the hill--and tired and sleepy, I leaned back on my kind friend's
shoulder and fell asleep.

When I awakened the sun was high, but the chill was yet in the air, and
a damp breeze had sprung up from the eastward that presaged rain. Aloft
against the heavy clouds a V-shaped line of wild-geese were winging
their way to the south; their coarse honking fell down to us. The sound
caused me to look upward, and I followed the steady flight. I have
always been well versed in the signs of nature, and there is nothing so
sure to judge by as the flight of wild-fowl.

"We are going to have cold weather," I remarked to the doctor.

"Yes, the old gander is setting a pace for them as if the snow were
after him," he replied.

To my surprise, as I gazed about near to hand, I saw that we were almost
at the cross-roads, where it was our intention to stop and procure
something to eat, as we had had nothing since the gray of morning.

Two or three new houses had been added to the group that lined the
road-side, and a new sign-post waved its arms at the corner. A number of
negroes hurried out and took the horses.

As we entered the low-ceilinged front room of the tavern I overheard the
talk that the doctor and lawyer were having together. "It was certainly
most careless to leave such property unguarded," the latter was saying.
This made me listen.

"But no one would suspect anything in the way of treasure, and they are
honest people hereabouts," returned the doctor reassuringly.

For some reason I could scarcely swallow a mouthful of the meal that was
served for us, although it smelt most savory. As a special honor the
landlord himself insisted upon waiting upon the table, and I shrewdly
suspect, putting things together, that he was of a curious nature, and
longed for a chance to listen to the conversation; but if this was his
desire, it was not gratified, as the doctor and the lawyer were most
reserved in his presence.

At last, however, we were on the move again, a fresh horse having been
placed in the shafts of the old rattle-trap (upon the possession of
which, by-the-way, I found that the doctor prided himself most
mightily). Well, off we went at a tremendous pace, the new horse
charging down the road in a clumsy, heedless fashion, and the chaise
rocking behind him fit to capsize us.

The doctor at last succeeded in pulling the nag down to a steadier gait,
and Mr. Edgerton, coughing and choking, came trotting up beside us
through the trailing cloud of dust that, despite the damp, hung in our
wake. For two miles we drove on in silence, and then turned from the
main road into the lane that led to Marshwood. The old-fields on either
hand were grown breast-high with brambles, and the lane wheel-rucks were
almost hidden in the tall grass that swished softly and quietly under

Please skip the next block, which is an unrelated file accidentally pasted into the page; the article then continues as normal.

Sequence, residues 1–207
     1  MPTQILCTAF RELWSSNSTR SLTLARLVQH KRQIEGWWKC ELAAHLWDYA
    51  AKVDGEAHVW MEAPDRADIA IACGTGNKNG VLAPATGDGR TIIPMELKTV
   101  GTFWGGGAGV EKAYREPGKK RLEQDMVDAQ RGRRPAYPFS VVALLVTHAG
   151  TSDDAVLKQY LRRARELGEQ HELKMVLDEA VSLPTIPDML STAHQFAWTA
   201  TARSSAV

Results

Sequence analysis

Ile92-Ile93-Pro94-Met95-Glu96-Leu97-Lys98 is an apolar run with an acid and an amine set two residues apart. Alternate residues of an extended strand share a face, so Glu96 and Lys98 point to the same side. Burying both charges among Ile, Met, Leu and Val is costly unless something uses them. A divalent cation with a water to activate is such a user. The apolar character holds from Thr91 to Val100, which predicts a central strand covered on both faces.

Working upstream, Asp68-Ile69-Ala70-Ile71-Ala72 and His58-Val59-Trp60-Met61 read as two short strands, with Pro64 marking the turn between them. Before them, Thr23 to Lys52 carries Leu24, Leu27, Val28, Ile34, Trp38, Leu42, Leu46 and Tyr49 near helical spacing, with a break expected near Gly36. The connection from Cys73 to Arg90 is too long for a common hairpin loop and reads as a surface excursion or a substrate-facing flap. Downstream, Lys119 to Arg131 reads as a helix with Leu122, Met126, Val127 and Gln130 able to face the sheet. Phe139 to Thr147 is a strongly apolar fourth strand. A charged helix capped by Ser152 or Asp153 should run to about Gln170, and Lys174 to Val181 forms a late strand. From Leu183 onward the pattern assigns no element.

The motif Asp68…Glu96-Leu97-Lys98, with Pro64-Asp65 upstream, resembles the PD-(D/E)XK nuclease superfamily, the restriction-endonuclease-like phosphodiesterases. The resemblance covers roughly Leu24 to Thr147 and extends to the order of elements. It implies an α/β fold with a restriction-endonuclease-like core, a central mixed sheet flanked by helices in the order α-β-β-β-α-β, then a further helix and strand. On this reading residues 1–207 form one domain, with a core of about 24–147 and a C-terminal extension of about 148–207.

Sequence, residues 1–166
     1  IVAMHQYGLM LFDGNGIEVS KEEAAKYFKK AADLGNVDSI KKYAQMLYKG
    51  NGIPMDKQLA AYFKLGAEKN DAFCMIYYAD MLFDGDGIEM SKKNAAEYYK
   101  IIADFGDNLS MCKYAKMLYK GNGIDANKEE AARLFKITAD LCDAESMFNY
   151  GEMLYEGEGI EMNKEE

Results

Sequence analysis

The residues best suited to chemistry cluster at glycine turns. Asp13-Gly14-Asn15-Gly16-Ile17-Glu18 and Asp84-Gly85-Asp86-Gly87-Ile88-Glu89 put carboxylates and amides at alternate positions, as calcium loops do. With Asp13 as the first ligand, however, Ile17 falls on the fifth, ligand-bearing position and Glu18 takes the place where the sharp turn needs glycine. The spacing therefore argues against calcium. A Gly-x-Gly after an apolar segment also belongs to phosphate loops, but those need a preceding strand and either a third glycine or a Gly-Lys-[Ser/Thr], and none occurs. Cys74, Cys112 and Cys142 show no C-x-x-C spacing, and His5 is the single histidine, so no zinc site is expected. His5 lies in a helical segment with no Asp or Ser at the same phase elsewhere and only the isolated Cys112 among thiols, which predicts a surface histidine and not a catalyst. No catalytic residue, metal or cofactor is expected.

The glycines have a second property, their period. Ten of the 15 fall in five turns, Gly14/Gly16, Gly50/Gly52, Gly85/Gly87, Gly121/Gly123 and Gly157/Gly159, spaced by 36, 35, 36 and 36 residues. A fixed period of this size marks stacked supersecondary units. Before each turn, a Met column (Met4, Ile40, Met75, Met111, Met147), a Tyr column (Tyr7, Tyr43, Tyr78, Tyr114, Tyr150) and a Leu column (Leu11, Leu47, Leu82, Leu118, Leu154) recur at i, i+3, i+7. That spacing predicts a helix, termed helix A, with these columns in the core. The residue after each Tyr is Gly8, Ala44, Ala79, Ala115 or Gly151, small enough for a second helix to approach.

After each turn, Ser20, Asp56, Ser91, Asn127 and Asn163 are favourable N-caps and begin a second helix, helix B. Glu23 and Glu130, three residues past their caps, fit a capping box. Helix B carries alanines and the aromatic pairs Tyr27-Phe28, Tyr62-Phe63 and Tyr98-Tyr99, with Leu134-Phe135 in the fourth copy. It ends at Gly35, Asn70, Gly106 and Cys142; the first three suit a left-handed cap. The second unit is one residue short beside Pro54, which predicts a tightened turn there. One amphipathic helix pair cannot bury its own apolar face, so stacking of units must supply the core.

the box of the chaise.

Marshwood House was built partly of brick and partly of wood. The brick
had come from England at the time when the colonies, because of the tax
on industries mayhap, brought even their building material from over the
water. It had once been very handsome, but during the Revolution the
outbuildings had been destroyed, and the right wing of the house had
fallen into sad decay. By the expenditure of some not inconsiderable
sum, however, the whole estate could have been restored to the beauty it
must once have possessed (but alas! that never has or never will happen,
I suppose). Now, at the time of which I speak, ruin was writ on

When the horses had been tied to two rusty staples driven into the trunk
of an oak-tree that stood before the door, we all stepped up on to the
piazza. The boards were sagged so badly that they had fallen away from
the body of the house, and even the stone-work had crumbled along the

It appeared like the old place, and yet it was not; but there was the
same hornets' nest that I had watched building up (ages and ages ago, it
seemed to me); and there, hanging on a nail, was a fishing-rod with a
rusty iron hook dangling from a bit of rotten fish-line. I had stood on
tiptoe and put it there; now I could touch it with my elbow.

The lawyer had some difficulty in opening the door. However, at last he
succeeded, and gave a sigh of relief as he saw that there were no traces
of any one having preceded him.

"Come in, doctor," he said, cheerily, his voice echoing oddly down the
empty hallway.

"Come on, John, my son," reiterated the physician to me.

I turned, before I crossed the threshold, and looked out over the
sloping meadow and the stretch of yellow marsh to the blue-gray waters
of the Chesapeake. The rain that had been threatening all the morning
had begun to fall with that depressing, sun-filtered drizzle that
promises hours of it.

It was on such a day that I used to lie with my head in my mother's lap
while she read to me. I remembered this with a certain calmness, for
there had settled upon me a firmly assured belief that I should never be
happy again, and I accepted the feeling with a stoicism that now I
wonder at. But my pen runs from the main task of putting facts on paper.
To return:

I entered the house, and insensibly caught the doctor's great hand in

There was a musty, locked-up odor greeting us that checked full
breathing. The big room on the right smelt like a cellar, dank and

The doctor drew aside a chair, and, opening a window and the shutters,
admitted some light. Dust was all about, everywhere; the heavy oak
centre table was littered with dead, starved flies; the whole place was
so chill and unhomelike that I shuddered. The doctor closed the window.

"By Jove, it grows cold!" he said.

The lawyer, who had deposited a pair of large empty saddle-bags on the
floor, stamped his feet.

"Heigho!" he cried, "let's cheer things up a bit. Here's a fire all